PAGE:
Frameworks are one of the hugest anti-patterns in software development. They're hard to learn. They limit your creativity. They increase your project's complexity and dependencies. They go out of business and get abandoned. You've to maintain and upgrade your code to match the latest framework versions for no good reason. You've to search for help and ask others for advice when you're stuck. And you probably only need a small percentage of features that the framework offers anyway. They just don't make much sense.
You should prefer core-language solutions to small abstractions to small helper libraries to general libraries to frameworks. Software should be developed using least amount of complexity, dependencies, effort and using fundamental tools that have been and will be here for the next 20 years. Frameworks are at the far end of software complexity spectrum and you want to avoid them as much as possible. You should be fighting complexity and not embracing it. I don't use frameworks and I encourage you not to use them as well.
In fact, one of the rules for writing software at Browserling is to avoid frameworks at all costs. There must be a tremendous reason to use a framework. So far we've used 0 frameworks and just a few libraries to get things done. I've yet to see someone come up with a good reason to use a framework. Simplicity is the law at Browserling. I've taught my employees well to never choose a framework solution and to try to find the simplest solution starting from the core language and core tools and going up.
Let's go over the reasons why you shouldn't be using frameworks in more details.
Frameworks are hard to learn and this knowledge is generally useless
Frameworks take a lot of time to learn. Instead of learning fundamental tools, core computer science concepts, and programming techniques, you spend time learning something specific and generally useless. Just because someone invented a framework and many people use it doesn't mean you need to learn or use it. People give in peer pressure too easily. "Everyone's using FrameworkA/FrameworkB, I must be using it as well."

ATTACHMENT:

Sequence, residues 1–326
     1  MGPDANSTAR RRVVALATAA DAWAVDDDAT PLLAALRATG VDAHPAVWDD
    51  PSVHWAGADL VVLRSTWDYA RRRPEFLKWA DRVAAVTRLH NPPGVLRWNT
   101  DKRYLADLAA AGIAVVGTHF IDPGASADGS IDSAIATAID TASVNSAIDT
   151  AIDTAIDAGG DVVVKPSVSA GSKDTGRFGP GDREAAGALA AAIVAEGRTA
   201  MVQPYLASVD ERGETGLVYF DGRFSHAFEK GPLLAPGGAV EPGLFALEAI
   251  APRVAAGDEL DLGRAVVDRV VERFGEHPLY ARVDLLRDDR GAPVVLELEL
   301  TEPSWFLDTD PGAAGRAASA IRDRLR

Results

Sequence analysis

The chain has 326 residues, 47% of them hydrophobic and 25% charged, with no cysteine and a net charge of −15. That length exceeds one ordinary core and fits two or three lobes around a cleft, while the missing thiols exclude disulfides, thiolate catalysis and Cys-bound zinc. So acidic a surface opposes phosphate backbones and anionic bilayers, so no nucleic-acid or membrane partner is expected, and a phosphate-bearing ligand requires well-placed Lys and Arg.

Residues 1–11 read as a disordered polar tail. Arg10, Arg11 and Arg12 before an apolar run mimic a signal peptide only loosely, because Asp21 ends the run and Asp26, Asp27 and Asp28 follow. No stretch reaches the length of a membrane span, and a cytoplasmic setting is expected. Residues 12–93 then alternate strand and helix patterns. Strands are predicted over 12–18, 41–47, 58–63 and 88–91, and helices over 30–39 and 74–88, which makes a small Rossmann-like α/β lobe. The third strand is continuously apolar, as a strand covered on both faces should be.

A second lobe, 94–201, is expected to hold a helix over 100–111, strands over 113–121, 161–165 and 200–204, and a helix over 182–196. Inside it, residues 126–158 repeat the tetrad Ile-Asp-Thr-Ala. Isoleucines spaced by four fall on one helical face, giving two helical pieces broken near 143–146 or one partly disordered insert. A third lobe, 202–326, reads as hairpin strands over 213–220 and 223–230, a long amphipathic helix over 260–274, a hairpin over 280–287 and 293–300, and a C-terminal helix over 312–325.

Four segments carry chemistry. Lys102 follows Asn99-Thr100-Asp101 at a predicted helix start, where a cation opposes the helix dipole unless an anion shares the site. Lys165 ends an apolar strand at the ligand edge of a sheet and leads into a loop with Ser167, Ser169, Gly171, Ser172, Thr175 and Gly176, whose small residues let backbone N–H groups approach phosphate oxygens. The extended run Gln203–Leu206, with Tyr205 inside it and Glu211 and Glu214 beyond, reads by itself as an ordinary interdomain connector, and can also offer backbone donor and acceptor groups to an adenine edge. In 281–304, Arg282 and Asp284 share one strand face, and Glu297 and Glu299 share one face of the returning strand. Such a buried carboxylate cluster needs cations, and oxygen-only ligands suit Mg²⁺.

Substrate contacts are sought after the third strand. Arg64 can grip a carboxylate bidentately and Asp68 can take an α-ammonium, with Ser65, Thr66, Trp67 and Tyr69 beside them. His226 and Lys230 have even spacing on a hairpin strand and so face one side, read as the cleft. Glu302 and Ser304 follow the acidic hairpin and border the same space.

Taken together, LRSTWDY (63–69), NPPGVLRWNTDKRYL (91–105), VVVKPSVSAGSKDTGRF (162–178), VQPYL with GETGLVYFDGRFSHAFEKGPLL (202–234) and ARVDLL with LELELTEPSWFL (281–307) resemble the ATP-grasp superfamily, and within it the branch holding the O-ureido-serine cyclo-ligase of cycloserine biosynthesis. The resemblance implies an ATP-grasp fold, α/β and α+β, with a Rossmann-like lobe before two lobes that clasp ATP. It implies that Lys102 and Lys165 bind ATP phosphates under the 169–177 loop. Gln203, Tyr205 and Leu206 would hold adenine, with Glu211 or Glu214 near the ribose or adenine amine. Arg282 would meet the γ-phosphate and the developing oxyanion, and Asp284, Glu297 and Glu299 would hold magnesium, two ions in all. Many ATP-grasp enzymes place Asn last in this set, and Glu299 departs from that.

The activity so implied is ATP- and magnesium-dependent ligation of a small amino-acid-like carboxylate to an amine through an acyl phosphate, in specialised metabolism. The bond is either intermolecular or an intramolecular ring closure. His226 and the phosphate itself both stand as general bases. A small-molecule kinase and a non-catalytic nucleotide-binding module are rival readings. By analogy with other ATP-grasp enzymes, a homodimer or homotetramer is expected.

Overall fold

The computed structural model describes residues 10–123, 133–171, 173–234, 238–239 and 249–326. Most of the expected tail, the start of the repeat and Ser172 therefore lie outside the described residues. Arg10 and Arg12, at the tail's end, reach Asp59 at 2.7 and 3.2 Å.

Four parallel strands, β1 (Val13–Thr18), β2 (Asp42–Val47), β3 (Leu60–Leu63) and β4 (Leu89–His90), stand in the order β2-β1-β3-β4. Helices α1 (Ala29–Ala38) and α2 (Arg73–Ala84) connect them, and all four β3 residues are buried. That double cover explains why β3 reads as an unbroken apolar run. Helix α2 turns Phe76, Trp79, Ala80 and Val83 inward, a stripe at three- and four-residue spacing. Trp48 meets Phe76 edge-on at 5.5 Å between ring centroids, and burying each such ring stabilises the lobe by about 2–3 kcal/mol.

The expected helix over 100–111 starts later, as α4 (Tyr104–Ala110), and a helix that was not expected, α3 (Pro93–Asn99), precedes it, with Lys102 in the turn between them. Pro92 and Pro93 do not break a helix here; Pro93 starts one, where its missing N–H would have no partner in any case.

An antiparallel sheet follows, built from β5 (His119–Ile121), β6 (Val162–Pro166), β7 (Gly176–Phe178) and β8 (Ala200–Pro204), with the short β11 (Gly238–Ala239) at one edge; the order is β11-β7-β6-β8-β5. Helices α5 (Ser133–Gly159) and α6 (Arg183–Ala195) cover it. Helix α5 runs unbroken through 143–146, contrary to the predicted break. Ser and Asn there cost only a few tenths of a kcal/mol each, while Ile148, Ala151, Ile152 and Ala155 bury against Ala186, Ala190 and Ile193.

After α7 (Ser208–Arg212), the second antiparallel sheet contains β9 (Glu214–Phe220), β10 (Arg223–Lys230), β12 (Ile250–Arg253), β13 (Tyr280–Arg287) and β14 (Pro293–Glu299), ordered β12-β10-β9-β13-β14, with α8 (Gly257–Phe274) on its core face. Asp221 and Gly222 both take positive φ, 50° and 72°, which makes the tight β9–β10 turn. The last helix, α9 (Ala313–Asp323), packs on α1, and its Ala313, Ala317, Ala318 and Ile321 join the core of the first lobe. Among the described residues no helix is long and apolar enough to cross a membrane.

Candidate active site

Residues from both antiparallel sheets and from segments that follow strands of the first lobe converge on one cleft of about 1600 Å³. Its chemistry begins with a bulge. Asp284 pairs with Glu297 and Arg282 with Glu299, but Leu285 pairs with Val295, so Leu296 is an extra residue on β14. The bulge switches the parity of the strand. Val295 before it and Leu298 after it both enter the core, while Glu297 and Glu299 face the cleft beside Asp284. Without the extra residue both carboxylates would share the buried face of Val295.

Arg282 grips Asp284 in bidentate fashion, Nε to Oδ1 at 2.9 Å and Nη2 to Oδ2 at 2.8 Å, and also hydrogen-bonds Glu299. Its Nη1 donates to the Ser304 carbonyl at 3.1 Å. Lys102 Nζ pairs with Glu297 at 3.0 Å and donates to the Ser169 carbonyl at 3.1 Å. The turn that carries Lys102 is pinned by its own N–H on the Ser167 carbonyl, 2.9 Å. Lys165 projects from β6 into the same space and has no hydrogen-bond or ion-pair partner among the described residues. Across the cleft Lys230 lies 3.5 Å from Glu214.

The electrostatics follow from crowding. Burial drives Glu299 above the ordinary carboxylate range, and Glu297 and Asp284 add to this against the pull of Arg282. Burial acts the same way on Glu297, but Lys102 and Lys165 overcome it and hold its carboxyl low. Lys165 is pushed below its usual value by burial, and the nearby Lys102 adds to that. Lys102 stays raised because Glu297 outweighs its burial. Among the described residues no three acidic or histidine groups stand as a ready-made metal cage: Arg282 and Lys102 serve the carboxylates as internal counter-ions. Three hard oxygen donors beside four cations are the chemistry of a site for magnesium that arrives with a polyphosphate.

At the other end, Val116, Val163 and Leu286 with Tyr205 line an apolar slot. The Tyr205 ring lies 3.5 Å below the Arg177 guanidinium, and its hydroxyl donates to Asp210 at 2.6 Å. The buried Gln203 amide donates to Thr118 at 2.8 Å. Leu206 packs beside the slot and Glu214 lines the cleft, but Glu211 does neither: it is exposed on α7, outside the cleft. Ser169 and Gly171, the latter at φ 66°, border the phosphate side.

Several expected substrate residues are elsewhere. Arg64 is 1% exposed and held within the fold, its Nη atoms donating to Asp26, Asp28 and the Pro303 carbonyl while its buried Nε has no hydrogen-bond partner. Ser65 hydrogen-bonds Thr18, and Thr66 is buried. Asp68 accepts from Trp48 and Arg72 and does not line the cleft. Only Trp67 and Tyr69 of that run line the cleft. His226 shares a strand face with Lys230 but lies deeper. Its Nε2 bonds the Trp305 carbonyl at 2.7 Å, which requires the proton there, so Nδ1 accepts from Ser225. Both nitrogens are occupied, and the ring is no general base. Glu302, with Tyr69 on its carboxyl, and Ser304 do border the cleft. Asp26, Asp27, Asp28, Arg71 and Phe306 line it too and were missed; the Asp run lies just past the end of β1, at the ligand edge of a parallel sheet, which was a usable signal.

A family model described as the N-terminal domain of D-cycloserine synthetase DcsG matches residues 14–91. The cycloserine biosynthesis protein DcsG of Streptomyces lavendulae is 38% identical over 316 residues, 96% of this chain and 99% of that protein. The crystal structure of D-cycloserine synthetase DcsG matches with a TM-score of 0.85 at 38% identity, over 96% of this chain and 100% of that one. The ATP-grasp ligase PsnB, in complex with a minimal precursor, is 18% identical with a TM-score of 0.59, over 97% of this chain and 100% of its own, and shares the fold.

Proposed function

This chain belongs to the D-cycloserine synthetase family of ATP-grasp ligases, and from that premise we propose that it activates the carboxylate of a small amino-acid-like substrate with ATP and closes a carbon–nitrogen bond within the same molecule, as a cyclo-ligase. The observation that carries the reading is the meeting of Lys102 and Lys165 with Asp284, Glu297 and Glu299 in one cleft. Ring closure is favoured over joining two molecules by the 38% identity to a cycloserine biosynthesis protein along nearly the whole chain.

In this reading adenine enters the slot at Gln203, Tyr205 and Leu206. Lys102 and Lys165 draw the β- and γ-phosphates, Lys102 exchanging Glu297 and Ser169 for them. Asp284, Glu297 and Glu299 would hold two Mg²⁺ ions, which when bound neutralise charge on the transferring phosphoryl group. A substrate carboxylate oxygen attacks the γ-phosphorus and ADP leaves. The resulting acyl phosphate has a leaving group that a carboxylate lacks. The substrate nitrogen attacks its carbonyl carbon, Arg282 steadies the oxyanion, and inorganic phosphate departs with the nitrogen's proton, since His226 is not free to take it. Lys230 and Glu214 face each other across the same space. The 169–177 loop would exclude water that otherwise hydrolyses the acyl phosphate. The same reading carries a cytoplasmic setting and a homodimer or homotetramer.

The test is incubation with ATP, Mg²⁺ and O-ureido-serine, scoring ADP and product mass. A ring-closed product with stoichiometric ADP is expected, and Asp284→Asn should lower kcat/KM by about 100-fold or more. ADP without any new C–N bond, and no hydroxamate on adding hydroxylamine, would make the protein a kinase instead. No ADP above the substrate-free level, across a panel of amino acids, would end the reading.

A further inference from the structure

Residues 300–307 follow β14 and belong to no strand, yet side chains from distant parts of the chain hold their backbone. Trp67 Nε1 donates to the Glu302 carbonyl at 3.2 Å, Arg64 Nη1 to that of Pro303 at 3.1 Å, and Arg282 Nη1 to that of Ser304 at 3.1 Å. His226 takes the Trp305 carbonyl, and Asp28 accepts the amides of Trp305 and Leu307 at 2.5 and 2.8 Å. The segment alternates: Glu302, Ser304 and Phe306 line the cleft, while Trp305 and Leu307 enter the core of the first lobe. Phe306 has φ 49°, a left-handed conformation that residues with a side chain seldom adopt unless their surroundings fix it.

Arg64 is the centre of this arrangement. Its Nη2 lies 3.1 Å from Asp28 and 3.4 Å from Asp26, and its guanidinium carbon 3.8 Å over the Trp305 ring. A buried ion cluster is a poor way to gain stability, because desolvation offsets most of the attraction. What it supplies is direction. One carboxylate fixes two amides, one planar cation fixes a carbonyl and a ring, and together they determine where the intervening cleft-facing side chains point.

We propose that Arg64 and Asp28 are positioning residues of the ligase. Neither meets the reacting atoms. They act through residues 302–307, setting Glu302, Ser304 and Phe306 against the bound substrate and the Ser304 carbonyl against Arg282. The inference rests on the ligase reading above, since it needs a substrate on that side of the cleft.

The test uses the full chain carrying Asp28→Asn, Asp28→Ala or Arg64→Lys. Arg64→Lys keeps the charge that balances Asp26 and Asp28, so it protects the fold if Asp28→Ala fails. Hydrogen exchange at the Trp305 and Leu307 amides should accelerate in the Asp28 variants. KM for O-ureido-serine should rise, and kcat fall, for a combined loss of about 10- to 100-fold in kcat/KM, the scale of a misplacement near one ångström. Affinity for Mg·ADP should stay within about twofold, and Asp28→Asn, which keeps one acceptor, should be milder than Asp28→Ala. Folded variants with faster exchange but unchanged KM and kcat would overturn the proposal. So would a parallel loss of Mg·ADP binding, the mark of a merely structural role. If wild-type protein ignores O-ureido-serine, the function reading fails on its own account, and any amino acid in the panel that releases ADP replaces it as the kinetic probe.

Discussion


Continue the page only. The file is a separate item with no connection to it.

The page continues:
No, you shouldn't.
You should be thinking, how do I avoid using this framework? How many actual features or core concepts do I need from this framework? Can I implement these features in a hundred lines of code and be done with it and never depend on this framework? Who are the authors of this framework? Do these guys have a track record of maintaining their code or did they just put it together in a weekend and released it?
Don't learn useless frameworks that have no value.
Frameworks limit your scope of creativity
Frameworks limit the scope of your creativity. Frameworks put you in a box you can't escape. Frameworks make you dumb. Whenever you're faced with a problem you can't just invent a solution; you're limited by what the framework lets you do. You've to seek experts, waste your time and energy to find a solution to a problem you shouldn't have had in the first place if you hadn't used a framework.
You can't let framework authors control what you can or can't do. You should be in total control over your product.
Frameworks increase your project's complexity and dependencies
Complexity and dependencies are bad. You should keep both your project's complexity and dependencies at minimum. If no one controls complexity and dependencies, and no one enforces how software is written, then one dependency leads to another, and soon your project ends up using 25 different frameworks and 5 different programming languages. There should be strict rules what you can and can't use in your project, and someone has to make that call.
Without rules you might save time at the beginning and sound cool using all the latest frameworks, but now your software is so complex that no one understands how or why it works. It's also become unmaintainable. You may not notice it in the first few months as things are moving along quickly, but as your project progresses, your team's productivity will drop because of all the complexity and dependencies. You'll need more people to maintain it, and more people with specific knowledge to maintain it. If your lead developers leave, you're dead.
You should be fighting complexity and not embracing it. Every added framework, and even library, makes your project more difficult to maintain. Avoid unnecessary frameworks and libraries from day one.
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